Recreative Minds: Imagination in Philosophy and Psychology

Paperback | October 1, 2002

byGregory Currie, Ian Ravenscroft

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Recreative Minds develops a philosophical theory of imagination that draws upon recent theories and results in psychology. Ideas about how we read the minds of others have put the concept of imagination firmly back on the agenda for philosophy and psychology. Currie and Ravenscroft present atheory of what they call imaginative projection; they show how it fits into a philosophically motivated picture of the mind and of mental states, and how it illuminates and is illuminated by recent developments in cognitive psychology. They argue that we need to recognize a category ofdesire-in-imagination, and that supposition and fantasy should be classed as forms of imagination. They accommodate some of the peculiarities of perceptual forms of imagining such as visual and motor imagery, and suggest that they are important for mind-reading. They argue for a novel view about therelations between imagination and pretence, and suggest that imagining can be, but need not be, the cause of pretending. They show how the theory accommodates but goes beyond the idea of mental simulation, and argue that the contrast between simulation and theory is neither exclusive nor exhaustive.They argue that we can understand certain developmental and psychiatric disorders as arising from faulty imagination. Throughout, they link their discussion to the uses of imagination in our encounters with art, and they conclude with a chapter on responses to tragedy. The final chapter also offersa theory of the emotions that suggests that these states have much in common with perceptual states.Currie and Ravenscroft offer a lucid exploration of a fascinating subject, for readers in philosophy, psychology, and aesthetics.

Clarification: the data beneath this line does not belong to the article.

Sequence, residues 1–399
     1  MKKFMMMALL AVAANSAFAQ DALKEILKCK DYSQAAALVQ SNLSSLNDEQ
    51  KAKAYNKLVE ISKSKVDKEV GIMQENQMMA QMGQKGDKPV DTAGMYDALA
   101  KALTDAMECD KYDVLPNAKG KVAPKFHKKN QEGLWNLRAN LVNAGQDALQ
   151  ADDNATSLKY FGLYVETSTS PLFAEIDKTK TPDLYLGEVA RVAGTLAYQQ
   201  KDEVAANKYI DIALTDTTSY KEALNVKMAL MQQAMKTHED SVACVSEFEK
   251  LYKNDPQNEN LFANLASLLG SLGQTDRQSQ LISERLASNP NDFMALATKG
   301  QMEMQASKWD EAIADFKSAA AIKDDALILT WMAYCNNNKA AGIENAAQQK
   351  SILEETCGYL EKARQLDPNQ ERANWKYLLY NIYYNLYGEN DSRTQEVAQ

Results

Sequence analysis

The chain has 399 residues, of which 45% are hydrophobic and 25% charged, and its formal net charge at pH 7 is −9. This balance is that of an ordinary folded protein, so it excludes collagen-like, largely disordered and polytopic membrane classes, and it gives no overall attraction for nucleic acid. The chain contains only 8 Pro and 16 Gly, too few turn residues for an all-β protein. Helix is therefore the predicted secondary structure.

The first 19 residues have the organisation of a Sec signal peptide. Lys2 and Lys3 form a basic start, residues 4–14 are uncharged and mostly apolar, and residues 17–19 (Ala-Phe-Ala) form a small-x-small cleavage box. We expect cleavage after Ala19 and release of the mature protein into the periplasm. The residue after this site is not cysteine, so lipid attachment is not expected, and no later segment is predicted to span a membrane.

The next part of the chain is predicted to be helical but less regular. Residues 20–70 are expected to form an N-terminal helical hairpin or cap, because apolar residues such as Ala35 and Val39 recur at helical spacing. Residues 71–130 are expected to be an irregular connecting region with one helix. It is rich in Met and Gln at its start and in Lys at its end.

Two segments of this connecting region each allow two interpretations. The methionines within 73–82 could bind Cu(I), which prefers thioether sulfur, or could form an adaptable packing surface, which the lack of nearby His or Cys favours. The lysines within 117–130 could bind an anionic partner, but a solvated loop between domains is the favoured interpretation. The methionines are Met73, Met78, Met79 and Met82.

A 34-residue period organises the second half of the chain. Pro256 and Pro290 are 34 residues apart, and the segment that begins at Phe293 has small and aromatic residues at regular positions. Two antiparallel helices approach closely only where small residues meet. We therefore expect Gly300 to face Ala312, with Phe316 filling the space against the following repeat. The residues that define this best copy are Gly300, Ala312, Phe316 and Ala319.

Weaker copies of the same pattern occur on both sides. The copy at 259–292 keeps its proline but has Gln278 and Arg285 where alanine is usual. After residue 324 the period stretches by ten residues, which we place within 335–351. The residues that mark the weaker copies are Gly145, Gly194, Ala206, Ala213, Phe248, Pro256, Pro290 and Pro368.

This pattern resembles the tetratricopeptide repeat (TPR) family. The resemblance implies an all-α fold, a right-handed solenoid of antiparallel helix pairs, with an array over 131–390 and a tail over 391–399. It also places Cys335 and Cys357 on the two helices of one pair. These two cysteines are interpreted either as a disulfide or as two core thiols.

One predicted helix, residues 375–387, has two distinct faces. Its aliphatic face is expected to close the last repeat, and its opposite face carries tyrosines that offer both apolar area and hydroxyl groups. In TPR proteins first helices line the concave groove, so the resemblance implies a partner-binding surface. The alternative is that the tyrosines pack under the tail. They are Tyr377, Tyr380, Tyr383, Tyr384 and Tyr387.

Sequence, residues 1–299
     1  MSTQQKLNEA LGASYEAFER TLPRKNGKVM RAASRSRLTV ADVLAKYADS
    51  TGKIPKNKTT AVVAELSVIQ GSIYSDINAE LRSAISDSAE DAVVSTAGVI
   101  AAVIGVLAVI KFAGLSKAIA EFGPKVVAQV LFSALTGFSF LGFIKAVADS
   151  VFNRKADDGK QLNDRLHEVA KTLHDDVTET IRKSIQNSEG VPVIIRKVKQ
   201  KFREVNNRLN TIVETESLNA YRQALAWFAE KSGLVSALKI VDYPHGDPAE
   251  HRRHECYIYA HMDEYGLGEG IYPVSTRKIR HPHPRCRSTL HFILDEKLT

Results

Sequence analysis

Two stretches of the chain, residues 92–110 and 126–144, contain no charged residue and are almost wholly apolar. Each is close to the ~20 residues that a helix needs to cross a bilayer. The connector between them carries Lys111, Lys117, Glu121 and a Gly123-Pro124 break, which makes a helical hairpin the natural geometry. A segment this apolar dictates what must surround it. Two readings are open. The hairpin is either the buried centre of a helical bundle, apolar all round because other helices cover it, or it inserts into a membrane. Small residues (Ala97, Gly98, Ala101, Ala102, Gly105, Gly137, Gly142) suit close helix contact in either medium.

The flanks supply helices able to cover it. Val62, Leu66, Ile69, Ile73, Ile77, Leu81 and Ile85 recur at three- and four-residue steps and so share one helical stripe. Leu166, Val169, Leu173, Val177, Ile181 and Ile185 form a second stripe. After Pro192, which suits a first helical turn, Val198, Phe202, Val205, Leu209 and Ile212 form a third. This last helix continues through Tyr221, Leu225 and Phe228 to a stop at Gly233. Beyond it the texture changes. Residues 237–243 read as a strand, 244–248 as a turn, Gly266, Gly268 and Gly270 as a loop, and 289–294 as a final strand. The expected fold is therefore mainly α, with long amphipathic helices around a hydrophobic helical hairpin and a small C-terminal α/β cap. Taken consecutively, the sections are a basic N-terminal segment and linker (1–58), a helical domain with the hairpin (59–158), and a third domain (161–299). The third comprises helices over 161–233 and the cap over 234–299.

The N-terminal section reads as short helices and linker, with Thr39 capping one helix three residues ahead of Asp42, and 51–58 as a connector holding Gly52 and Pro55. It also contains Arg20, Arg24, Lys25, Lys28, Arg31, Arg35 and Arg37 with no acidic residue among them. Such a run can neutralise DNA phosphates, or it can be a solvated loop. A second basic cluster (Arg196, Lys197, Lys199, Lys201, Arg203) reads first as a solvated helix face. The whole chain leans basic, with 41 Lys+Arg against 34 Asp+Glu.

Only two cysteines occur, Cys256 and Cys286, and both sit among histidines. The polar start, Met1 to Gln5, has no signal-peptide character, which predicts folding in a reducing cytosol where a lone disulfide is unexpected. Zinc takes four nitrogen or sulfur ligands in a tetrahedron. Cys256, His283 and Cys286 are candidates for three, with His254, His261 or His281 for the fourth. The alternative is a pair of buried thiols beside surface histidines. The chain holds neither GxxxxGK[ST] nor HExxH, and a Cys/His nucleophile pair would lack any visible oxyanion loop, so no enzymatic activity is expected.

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Recreative Minds develops a philosophical theory of imagination that draws upon recent theories and results in psychology. Ideas about how we read the minds of others have put the concept of imagination firmly back on the agenda for philosophy and psychology. Currie and Ravenscroft present atheory of what they call imaginative project...

Gregory Currie is a Professor of Philosophy, University of Nottingham. Ian Ravenscroft is a Lecturer in Philosophy, Flinders University, Adelaide.

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Format:PaperbackDimensions:256 pages, 9.21 × 6.14 × 0.54 inPublished:October 1, 2002Publisher:Oxford University PressLanguage:English

The following ISBNs are associated with this title:

ISBN - 10:0198238096

ISBN - 13:9780198238096

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Table of Contents

PrefaceThe ArgumentImagination and its Circle1. Projections and recreations2. Family and friendsSimulation in a Generalized Setting3. The simulation program4. Imagery: capacities and mechanisms5. Content and conservationDevelopment and Disorder6. Impractical reason7. Autism: some pieces of the puzzle8. Schizophrenia: the monitoring of thought and actionEmotions in Imagination9. Emotion and the fictionalReferencesIndex

Editorial Reviews

`This book presents a theory of what the authors call recreative imagination-the ability to recreate in our minds counterparts of other mental states. An account is offered of both the functions and dysfunctions of many of our mental capacities, and a philosophical framework is suggested formaking sense of relevant findings in cognitive psychology. Throughout the book, the writing is clear, the examples are well chosen, and a powerful picture of a whole range of phenomena is built up. There has been little attempt in recent years to develop a unified theory of the imagination, andCurrie and Ravenscroft are to be congratulated for both the originality of their vision and the detailed execution of their project. . . . [they] have done an excellent job in offering such a clear view of the territory with so many insights in the process. Their ideas and arguments deserve to berecreated in the minds of all those interested in imagination.'' Michael Beaney, Philosophical Books